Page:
If any of you have been following my book journey for any amount of time, you know I LOVE LOVE the Biltmore Estate in Asheville, NC. The house and grounds are a magnificent look at a ‘chateau’ of the mountains built at the end of the 19th century by millionaire George Vanderbilt.
The story goes that George was traveling through Asheville in 1888 with his mother and fell in love with the land and the surrounding blue-hued mountains. Wasting no time, in 1889 he began constructing his 250-roomed French Renaissance style home. After six years, and the creation of a rail station and village to support the running of the estate, George opened Biltmore on Christmas Eve 1895. (The town of Best was purchased and became known as Biltmore Village – it grew under Vanderbilts hands. The servants lived here and even had central heat and plumbing, a BIG improvement in 19th century Appalachia.
With his great masterpiece, he hoped to make Biltmore a self-sustaining estate.
The home ushers in new opportunities for the small town of Asheville and the surrounding Appalachian community.
France plays an important part in George’s life, particularly a few years later when he meets, falls in love, and married Edith Dresser Stuyvesant. The two met while on a ship to France and then…after a brief courtship married in Paris.
It is said that when George brought Edith to Biltmore for the first time, the employees of Biltmore lined the street holding a tool from their trade in their hands. A large ‘horseshoe’ shaped bush wished the newlyweds toward their new home with good luck and…later that evening as the newlyweds watched from their balcony, fireworks lit the night sky.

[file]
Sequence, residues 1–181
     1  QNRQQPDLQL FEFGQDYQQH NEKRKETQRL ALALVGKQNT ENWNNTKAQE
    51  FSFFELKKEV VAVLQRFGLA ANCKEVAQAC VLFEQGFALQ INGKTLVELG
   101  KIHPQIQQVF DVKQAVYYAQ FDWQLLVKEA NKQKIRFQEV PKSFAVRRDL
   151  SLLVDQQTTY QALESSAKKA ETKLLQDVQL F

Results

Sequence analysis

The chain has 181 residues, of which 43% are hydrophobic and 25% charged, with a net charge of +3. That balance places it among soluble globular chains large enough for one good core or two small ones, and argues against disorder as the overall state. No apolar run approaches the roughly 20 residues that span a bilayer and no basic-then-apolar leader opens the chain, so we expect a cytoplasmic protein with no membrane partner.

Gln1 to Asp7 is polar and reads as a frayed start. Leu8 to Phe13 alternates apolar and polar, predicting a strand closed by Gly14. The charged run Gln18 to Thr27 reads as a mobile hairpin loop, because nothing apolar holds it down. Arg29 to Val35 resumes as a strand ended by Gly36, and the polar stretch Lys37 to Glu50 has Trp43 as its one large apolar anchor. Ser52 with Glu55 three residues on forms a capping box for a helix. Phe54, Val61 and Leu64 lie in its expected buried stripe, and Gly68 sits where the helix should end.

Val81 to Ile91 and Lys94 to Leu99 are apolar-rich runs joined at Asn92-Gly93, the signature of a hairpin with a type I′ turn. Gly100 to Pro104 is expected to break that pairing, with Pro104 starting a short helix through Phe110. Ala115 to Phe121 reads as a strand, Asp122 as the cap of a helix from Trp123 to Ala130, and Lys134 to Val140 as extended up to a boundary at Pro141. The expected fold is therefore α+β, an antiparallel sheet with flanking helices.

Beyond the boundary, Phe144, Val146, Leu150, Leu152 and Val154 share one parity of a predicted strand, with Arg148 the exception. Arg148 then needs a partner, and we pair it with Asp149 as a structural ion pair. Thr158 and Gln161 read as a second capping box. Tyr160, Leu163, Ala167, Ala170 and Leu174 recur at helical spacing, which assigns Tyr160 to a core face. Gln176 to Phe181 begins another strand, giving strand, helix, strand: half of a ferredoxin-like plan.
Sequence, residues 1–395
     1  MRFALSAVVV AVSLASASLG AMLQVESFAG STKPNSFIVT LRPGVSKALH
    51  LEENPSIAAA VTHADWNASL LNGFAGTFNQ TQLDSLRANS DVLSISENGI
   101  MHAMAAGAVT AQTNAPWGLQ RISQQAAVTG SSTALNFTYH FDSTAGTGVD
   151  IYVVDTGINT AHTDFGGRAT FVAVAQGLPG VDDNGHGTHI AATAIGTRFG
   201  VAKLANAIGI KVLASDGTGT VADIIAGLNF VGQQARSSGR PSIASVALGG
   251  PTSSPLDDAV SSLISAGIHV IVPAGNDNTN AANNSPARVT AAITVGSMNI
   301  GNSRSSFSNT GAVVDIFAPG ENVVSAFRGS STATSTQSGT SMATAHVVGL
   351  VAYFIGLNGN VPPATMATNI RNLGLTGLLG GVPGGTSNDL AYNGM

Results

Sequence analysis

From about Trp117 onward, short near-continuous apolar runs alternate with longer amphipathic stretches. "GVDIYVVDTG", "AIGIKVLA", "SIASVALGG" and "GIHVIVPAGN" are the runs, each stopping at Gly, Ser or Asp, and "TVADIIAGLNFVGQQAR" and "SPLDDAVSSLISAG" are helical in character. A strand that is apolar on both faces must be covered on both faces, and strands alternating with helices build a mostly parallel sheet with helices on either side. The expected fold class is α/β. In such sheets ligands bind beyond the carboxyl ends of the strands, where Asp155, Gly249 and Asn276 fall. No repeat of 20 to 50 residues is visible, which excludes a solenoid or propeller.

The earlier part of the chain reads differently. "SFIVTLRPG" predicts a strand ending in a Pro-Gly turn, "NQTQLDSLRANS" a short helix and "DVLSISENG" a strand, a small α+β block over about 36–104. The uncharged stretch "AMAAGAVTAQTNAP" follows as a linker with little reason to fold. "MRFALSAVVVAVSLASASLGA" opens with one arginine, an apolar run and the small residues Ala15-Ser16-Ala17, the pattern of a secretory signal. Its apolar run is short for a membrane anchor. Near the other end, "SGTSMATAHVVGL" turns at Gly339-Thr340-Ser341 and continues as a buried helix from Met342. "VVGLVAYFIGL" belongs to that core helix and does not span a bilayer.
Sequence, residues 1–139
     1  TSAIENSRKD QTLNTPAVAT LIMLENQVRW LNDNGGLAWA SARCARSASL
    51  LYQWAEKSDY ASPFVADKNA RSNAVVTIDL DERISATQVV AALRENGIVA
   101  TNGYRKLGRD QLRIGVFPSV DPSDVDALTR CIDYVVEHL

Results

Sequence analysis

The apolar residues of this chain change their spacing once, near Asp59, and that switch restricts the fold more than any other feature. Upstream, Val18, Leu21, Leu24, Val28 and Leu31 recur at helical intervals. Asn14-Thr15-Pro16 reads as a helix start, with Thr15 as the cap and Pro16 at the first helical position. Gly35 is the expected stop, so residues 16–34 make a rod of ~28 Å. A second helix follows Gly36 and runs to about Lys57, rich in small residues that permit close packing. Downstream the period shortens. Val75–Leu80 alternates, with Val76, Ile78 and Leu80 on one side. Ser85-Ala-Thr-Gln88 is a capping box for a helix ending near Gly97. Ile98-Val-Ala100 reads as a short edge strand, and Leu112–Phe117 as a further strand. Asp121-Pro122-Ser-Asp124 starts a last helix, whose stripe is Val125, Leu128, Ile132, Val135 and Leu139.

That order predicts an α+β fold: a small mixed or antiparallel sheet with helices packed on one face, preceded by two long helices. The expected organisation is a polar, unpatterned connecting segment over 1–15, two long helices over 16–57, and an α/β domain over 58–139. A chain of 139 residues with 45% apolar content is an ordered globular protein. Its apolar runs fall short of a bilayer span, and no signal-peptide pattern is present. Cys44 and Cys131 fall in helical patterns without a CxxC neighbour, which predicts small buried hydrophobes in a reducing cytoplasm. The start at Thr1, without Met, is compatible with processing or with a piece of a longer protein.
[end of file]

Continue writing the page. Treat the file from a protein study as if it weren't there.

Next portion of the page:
The people of Biltmore must have thought George Vanderbilt had returned to the house with a princess.
Both George and Edith were generous of heart, mind, and money. Breaching the social divide, they believe in making a place better when they left than it was before, and their energies and kindness touched thousands. Edith was known for visiting servants’ houses without one hesitation. She was also a prolific letter writer.
George and Edith valued education. Within their lifetimes, they founded Biltmore Forest School (a school for forestry, George’s passion), and the School for the Domestic Sciences (a women’s school). They both encouraged and created adult literacy classes, particularly The Moonlight School, and developed internships to help created a culture of learning.
From all accounts, even though George and Edith had other grand houses, this one was their favorite. Over the next few months, we’ll take a deeper look at the beautiful house and history associated with it…and someday, I hope to bring this amazing home, couple, and story to life on the page.
Don’t forget to stop by HERE to enter to WIN a copy of my new release Just the Way You Are!